by MarekNYC on Fri Feb 20th, 2009 at 01:58:00 PM EST
[ Parent ]
I would have thought that the Jews moved out to the 'burbs, too, but I may be under literary influence.

*Lunatic*, n.
One whose delusions are out of fashion.
by DoDo on Fri Feb 20th, 2009 at 02:13:33 PM EST
[ Parent ]
They did, the numbers are half of what they were in 1950.
by MarekNYC on Fri Feb 20th, 2009 at 02:15:20 PM EST
[ Parent ]
But on the same lines, shouldn't you break up the Jews into Hispanic (literal meaning of Sephardi...) and Ashkenazi?
by gk (g k quattro due due sette "at" gmail.com) on Sat Feb 21st, 2009 at 01:59:43 AM EST
[ Parent ]
I'd guess that in NYC, 95%+ are Ashkenazi, though.

*Lunatic*, n.
One whose delusions are out of fashion.
by DoDo on Sat Feb 21st, 2009 at 01:26:39 PM EST
[ Parent ]
Who here has been doing this dastardly deed?

That would be me. See my comment beow.

"It Can't Be Just About Us"
--Frank Schnittger, ETian Extraordinaire

by papicek (papi_cek_at_hotmail_dot_com) on Fri Feb 20th, 2009 at 06:52:56 AM EST
[ Parent ]
Your confession is admirable, but I still haven't found any comment on this thread where you have questioned the supremacy of shining city on a hill!

notes from no w here
by Frank Schnittger (mail Frankschnittger at hot male dotty communists) on Fri Feb 20th, 2009 at 07:20:38 AM EST
[ Parent ]
I'm a Bostonian. Don't get me started on New Yorkers!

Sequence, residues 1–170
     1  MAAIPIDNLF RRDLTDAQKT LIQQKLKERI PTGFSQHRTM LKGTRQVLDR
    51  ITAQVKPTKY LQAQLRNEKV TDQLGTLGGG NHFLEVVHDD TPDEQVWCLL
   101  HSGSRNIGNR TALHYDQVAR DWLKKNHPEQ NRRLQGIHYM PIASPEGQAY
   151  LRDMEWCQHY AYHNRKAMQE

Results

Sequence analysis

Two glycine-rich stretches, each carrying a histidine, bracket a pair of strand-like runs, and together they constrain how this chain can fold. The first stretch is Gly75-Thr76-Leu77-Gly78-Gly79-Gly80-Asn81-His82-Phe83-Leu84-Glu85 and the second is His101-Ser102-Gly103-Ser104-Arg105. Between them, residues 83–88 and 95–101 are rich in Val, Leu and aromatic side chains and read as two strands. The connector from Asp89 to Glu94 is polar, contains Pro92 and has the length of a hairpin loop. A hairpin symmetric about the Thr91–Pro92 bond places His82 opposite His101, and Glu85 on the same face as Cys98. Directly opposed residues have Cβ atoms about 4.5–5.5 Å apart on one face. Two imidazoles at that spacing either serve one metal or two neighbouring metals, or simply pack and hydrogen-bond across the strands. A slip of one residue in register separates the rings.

Anyways, you couldn't. I gotta crawl (traffic at this hour is miserable here) to work. (This working-for-a-living shit has gotta come to a screeching halt. I'll have to sacrifice a bucket of KFC to the lottery gods sometime soon.)

"It Can't Be Just About Us"
--Frank Schnittger, ETian Extraordinaire

by papicek (papi_cek_at_hotmail_dot_com) on Fri Feb 20th, 2009 at 07:48:21 AM EST
[ Parent ]
They demand a KFC sacrifice? no wonder I never win?

Any idiot can face a crisis - it's day to day living that wears you out.
by ceebs (ceebs (at) eurotrib (dot) com) on Fri Feb 20th, 2009 at 07:57:26 AM EST
[ Parent ]
Actually, if I remember correctly, Marek is a Bostonian....

(This working-for-a-living shit has gotta come to a screeching halt. I'll have to sacrifice a bucket of KFC to the lottery gods sometime soon.)

What are you doing eating fried chicken in New England?

Be nice to America. Or we'll bring democracy to your country.

by Drew J Jones (pedobear@pennstatefootball.com) on Fri Feb 20th, 2009 at 09:16:55 AM EST